Background: In multiple myeloma (MM), a complete response (CR) is defined by the European Group for Blood and Bone Marrow Transplantation (EBMT) and the International Myeloma Working Group (IMWG) Uniform Response Criteria as absence of monoclonal protein in serum and urine by immunofixation (IFE), and a bone marrow (BM) aspirate/biopsy containing <5% plasma cells (PC). This definition of CR is widely adopted in clinical trials, but there is a high degree of non-compliance with the BM requirement. As a result, differences in CR rates across trials can occur not just as a result of treatment efficacy, but also on how rigorously the BM requirement for CR is implemented. Moreover, requiring BM examinations merely to confirm CR is cumbersome in clinical practice. The goal of this study was to determine the added value of BM examinations in patients who can otherwise be considered to be in CR by virtue of a negative IFE in the serum and urine.
Methods: For the purpose of the study, we included only patients with MM who had measurable monoclonal (M) protein levels at baseline (defined as >1 gm/dL in the serum and/or >200 mg/24 hour in the urine) on protein electrophoresis; patients with non-secretory and oligo-secretory MM were excluded. We then identified patients who since 1995 had a negative IFE in the serum and urine and a BM aspirate/biopsy, all done at the same time (within 30 days of each other). Baseline demographics and clinical characteristics; date of diagnosis, last follow up, and follow up status; serum and urine M protein levels at diagnosis; and results of serum and urine IFE, serum free light chain (FLC) ratio and BM aspirate/biopsy within 30 days of complete response were all collected from the existing databases.
Results: Ninety-five patients met the criteria for the study, all of whom had measurable disease at baseline and subsequently achieved negative IFE in serum and urine (‘IF- CR’). Of these, only 83 patients (87%) met criteria for CR by the EBMT/IMWG criteria with less than 5% PC in the BM; 13% of patients had 5% or more PC despite the apparent IF-CR on serum and urine IFE. In fact, the BM showed 10% or more PC in 5% of IF-CR patients. We then assessed whether a normal serum FLC ratio in addition to negative serum and urine IFE would eliminate the need for a BM biopsy. The additional requirement of the serum FLC ratio to negative IFE was not fully adequate in eliminating false positive CR’s. Among 34 patients who had IF- CR plus a normal serum FLC ratio, only 88% of patients met CR definition with <5% BM PC; 12% had 5% or more PC, and one patient (3%) had 10% or more PC. We studied the survival (from time of diagnosis) of patients who had true CR’s (negative IFE and <5% PC) versus patients who had IF- CR’s but BM had 5% or more PC. Overall survival from diagnosis between the two groups was 10.7 years versus 5.6 years, respectively, P=0.001 (see Figure 1).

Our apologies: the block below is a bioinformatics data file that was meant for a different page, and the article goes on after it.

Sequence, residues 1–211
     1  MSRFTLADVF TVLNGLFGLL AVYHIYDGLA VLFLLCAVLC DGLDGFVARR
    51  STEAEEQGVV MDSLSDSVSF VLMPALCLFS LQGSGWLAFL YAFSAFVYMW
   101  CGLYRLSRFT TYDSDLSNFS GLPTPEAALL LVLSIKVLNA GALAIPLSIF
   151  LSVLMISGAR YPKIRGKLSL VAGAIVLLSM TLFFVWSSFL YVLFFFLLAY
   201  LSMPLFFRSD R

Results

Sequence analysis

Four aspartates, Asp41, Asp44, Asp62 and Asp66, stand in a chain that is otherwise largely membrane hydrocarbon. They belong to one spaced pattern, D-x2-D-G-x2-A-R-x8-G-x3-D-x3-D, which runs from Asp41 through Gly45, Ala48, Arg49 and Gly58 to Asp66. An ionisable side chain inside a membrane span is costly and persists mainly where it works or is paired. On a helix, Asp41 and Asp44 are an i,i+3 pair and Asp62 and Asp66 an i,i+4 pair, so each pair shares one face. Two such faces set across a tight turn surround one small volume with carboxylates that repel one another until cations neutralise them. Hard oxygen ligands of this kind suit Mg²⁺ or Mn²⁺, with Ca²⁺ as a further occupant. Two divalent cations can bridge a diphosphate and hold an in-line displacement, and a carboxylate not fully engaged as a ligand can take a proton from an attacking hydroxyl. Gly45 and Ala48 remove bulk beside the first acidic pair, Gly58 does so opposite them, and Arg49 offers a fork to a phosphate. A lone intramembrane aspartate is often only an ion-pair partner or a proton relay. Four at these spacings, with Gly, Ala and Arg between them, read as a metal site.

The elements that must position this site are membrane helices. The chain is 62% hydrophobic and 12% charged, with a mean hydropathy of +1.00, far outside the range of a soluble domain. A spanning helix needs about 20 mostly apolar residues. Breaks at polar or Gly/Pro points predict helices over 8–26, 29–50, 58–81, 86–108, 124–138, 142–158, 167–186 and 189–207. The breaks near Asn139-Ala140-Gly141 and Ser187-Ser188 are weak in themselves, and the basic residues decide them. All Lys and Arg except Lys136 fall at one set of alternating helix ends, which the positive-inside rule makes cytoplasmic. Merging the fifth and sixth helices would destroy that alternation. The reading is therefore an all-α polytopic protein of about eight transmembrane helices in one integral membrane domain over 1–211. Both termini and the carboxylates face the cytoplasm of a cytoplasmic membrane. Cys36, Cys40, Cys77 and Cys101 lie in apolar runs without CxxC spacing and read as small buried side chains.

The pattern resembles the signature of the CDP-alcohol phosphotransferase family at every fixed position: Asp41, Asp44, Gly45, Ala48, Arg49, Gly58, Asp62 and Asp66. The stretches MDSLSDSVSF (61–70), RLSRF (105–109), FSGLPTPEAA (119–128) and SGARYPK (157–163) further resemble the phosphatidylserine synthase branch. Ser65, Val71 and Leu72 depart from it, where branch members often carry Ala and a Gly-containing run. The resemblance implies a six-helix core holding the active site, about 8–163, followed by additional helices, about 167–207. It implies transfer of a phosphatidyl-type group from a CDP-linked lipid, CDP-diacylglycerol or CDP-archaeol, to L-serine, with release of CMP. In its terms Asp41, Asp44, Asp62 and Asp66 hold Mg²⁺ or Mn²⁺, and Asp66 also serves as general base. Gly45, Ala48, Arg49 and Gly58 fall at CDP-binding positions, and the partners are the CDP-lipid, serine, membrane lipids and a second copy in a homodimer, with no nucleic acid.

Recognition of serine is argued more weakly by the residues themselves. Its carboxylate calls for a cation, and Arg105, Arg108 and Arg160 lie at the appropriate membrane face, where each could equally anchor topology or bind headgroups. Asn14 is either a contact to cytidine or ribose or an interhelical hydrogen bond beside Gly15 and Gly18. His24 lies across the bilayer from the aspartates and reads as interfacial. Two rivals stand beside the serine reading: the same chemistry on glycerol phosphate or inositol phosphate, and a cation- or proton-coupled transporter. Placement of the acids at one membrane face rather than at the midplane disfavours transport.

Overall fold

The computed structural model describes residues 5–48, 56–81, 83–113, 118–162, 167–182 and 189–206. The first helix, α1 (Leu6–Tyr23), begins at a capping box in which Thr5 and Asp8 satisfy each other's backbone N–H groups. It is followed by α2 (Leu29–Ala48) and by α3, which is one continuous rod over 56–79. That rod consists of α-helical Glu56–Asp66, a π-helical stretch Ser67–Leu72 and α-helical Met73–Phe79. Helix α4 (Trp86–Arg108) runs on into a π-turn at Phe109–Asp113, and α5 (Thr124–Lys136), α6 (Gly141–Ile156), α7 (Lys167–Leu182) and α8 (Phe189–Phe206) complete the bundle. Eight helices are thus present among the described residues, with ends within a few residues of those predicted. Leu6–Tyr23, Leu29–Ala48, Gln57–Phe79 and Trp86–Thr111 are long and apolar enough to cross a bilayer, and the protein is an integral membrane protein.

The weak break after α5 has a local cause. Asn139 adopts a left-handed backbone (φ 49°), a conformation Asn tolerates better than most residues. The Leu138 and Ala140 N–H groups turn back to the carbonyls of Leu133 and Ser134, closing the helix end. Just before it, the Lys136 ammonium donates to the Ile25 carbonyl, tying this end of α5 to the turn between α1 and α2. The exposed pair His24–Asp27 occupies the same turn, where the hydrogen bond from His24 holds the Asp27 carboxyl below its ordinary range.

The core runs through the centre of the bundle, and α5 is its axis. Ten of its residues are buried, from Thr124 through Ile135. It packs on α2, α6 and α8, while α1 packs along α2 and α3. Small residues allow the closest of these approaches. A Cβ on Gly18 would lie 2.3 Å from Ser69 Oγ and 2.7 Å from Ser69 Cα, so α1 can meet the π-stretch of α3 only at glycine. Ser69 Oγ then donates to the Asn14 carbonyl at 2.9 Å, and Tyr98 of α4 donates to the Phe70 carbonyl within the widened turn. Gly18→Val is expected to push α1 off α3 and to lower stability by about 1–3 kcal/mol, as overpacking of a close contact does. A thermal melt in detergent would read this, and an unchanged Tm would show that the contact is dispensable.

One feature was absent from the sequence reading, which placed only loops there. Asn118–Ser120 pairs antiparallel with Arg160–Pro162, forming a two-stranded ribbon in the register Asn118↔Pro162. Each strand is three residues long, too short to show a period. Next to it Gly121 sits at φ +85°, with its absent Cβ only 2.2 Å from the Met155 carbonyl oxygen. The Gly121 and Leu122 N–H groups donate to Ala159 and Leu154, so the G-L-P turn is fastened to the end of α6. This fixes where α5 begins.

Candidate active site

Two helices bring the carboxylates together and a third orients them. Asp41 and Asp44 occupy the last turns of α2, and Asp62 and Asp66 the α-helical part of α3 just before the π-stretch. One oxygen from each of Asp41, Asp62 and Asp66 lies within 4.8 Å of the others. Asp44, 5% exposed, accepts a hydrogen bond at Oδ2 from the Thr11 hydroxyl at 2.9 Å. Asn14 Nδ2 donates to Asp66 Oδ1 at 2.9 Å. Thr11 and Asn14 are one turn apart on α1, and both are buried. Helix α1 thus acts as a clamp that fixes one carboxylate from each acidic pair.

Conclusions: BM examination is essential to accurately estimate CR. Up to 13% of patients with negative IFE in serum and urine fail to meet the BM requirement. The addition of a normal serum FLC ratio to negative IFE did not significantly reduce the proportion of patients who fail to meet the BM requirement. Based on this study, we recommend that the CR definition in the EBMT and IMWG criteria should not be revised to eliminate the need for BM examination. Moreover, the consistent collection of BM samples is essential for future strategies to evaluate immunophenotypic CR and molecular CR in MM.
Disclosures: No relevant conflicts of interest to declare.